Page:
But, a successful clone should be exactly that - The entire C drive, just on a different drive.
Whatever is/was on the D drive is still on the D drive.
Assuming the drive letters stayed the same.

Don't try to copy things around.

Power OFF, disconnect all drives except the new SSD.
Power up, see if it actually boots.
If it does, then power off and reconnect all other drives.
Then, post a screencap of the Disk Management window.
Possibly we can determine what drive letters got changed.
 

USAFRet

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Booting from only my new SSD works, but it won't boot if everything else is connected. The only way for me to boot with all 3 drives connected is through my D drive. Is this because of a conflict between different boot drives? This is what Disk Mgmt shows currently, while booted from my D drive. The old SSD is still the C drive, the old HDD with the boot info and storage is still D, and the new SSD is still E.
If it does not work with ONLY the new drive connected, then the whole procedure was not successful.
That line in the above steps exists for a reason.

Return the system back to original hardware config. Without the new SSD.
Does it boot properly?
If so, redo the clone operation.

This time, at the end of the process, power off, disconnect ALL other drives, and allow the system to try to boot up from only the new drive.
 

joe_shroe

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If it does not work with ONLY the new drive connected, then the whole procedure was not successful.
That line in the above steps exists for a reason.
No it is working with only the new SSD connected. When I connect the other drives, it gives me the Reboot error. The only way to boot with all 3 drives is from my D drive, the old HDD.

Return the system back to original hardware config. Without the new SSD.
Does it boot properly?
It boots properly with the old config, but the problem again is that I cannot boot from the new SSD with all 3 drives connected. Am I able to transfer the D drive files to my new SSD with my old config, then remove the other drives and boot just from my new SSD?
 

USAFRet

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No it is working with only the new SSD connected. When I connect the other drives, it gives me the Reboot error.


It boots properly with the old config, but the problem again is that I cannot boot from the new SSD with all 3 drives connected. Am I able to transfer the D drive files to my new SSD with my old config, then remove the other drives and boot just from my new SSD?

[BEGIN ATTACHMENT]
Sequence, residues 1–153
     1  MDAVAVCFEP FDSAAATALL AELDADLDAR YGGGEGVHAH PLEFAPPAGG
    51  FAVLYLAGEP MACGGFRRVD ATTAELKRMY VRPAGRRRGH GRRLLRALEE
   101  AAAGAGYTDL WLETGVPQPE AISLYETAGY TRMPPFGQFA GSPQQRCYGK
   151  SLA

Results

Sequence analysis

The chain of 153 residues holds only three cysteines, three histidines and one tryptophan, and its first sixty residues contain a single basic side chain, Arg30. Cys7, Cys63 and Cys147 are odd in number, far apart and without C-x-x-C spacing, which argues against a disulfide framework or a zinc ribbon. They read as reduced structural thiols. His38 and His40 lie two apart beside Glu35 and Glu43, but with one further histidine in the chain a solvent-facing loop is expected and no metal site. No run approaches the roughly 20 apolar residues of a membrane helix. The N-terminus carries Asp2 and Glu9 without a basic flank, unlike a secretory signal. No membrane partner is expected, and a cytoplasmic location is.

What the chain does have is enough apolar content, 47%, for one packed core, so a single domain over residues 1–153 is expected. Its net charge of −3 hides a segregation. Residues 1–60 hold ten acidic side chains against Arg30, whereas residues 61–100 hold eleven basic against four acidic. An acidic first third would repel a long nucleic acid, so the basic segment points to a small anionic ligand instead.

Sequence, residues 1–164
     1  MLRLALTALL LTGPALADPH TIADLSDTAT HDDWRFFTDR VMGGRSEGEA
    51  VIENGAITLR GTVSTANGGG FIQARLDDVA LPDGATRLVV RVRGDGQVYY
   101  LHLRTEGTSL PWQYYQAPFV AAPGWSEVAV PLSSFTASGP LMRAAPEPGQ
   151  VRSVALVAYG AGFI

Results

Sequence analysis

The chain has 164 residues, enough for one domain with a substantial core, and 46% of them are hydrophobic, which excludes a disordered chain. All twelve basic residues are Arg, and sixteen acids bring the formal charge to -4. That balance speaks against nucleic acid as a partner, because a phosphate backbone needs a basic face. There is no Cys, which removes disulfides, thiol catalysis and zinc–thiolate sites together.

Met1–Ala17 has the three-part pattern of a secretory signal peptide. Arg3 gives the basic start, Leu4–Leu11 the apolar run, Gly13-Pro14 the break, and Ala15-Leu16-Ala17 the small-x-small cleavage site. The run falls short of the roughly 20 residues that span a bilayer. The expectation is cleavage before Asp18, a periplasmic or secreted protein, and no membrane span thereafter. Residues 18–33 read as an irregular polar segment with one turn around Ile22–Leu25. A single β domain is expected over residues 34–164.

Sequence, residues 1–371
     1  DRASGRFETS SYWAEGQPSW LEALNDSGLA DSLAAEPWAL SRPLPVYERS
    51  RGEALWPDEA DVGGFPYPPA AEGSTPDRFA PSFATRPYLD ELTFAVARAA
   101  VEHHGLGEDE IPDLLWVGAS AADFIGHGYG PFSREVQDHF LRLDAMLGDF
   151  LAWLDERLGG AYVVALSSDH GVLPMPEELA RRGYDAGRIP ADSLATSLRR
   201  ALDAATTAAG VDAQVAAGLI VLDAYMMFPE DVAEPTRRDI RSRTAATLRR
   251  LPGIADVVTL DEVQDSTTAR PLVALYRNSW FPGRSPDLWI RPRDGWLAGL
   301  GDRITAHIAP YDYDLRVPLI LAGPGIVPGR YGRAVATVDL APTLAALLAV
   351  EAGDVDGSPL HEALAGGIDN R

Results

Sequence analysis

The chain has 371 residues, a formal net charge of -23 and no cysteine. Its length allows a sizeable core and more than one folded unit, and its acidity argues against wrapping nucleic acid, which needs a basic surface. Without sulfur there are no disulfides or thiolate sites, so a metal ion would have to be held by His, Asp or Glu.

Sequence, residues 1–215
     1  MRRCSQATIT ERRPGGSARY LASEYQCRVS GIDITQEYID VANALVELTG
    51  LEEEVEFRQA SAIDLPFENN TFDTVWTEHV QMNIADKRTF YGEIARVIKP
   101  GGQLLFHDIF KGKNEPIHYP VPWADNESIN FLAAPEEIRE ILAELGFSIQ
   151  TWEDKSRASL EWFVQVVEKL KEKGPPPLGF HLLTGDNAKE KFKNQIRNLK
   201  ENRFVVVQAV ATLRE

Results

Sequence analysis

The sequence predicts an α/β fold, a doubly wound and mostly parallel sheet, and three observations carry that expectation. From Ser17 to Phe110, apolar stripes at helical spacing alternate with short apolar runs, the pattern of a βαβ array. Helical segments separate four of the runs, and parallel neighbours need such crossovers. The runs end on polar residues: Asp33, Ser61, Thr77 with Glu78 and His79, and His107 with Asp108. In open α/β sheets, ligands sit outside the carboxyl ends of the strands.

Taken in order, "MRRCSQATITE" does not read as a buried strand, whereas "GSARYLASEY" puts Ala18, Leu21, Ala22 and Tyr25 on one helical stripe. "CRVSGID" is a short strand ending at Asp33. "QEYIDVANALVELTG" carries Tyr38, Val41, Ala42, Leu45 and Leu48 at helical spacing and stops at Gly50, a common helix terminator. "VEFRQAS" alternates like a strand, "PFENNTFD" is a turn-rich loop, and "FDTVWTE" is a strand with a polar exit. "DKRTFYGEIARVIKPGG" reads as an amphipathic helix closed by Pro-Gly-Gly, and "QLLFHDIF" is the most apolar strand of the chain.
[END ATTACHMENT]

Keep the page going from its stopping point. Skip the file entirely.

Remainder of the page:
Given a successful clone, transferring stuff from what used to be the D drive is not needed.
The OS on the original drive was referencing things on the "D".
The OS on the new drive is a 1:1 copy of that, and should also be referencing things on the "D".

If that is not happening, something is wrong.

The NEW drive should be the C. Period.
The D partition on Disk 0 should still be the D partition.

Assuming things went correctly.
 

joe_shroe

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Given a successful clone, transferring stuff from what used to be the D drive is not needed.
Back in comment #6, the only partition I cloned from the D drive was for EFI system, but I left behind all the other files.

The NEW drive should be the C. Period.
The D partition on Disk 0 should still be the D partition.
If I connect the new SSD and the old HDD, the new SSD shows as C and the old HDD as D. It works if I don't connect the old SSD which I don't need at this point. I'd just want to know what's the best way to transfer over all the other files from the D drive.
 

USAFRet

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And, booting from the NEW drive, with the other ones connected...please show a screencap of the Disk Management window.

It is possible that what used to be the D got changed to a different drive letter.
Rendering those resources unavailable to the OS, looking for things on the D.
 

joe_shroe

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And, booting from the NEW drive, with the other ones connected...please show a screencap of the Disk Management window.

It is possible that what used to be the D got changed to a different drive letter.
Rendering those resources unavailable to the OS, looking for things on the D.
Booting from the new drive, with all 3 connected, gives me an error. Just to be clear, should I be able to boot from the new drive if there exist 2 drives with boot info on them? The new drive currently has the EFI system partition from the D drive, and the other partitions including Windows from the C drive. If booting from the new drive with all 3 connected is not working, is there another way I should be cloning partitions to my new drive?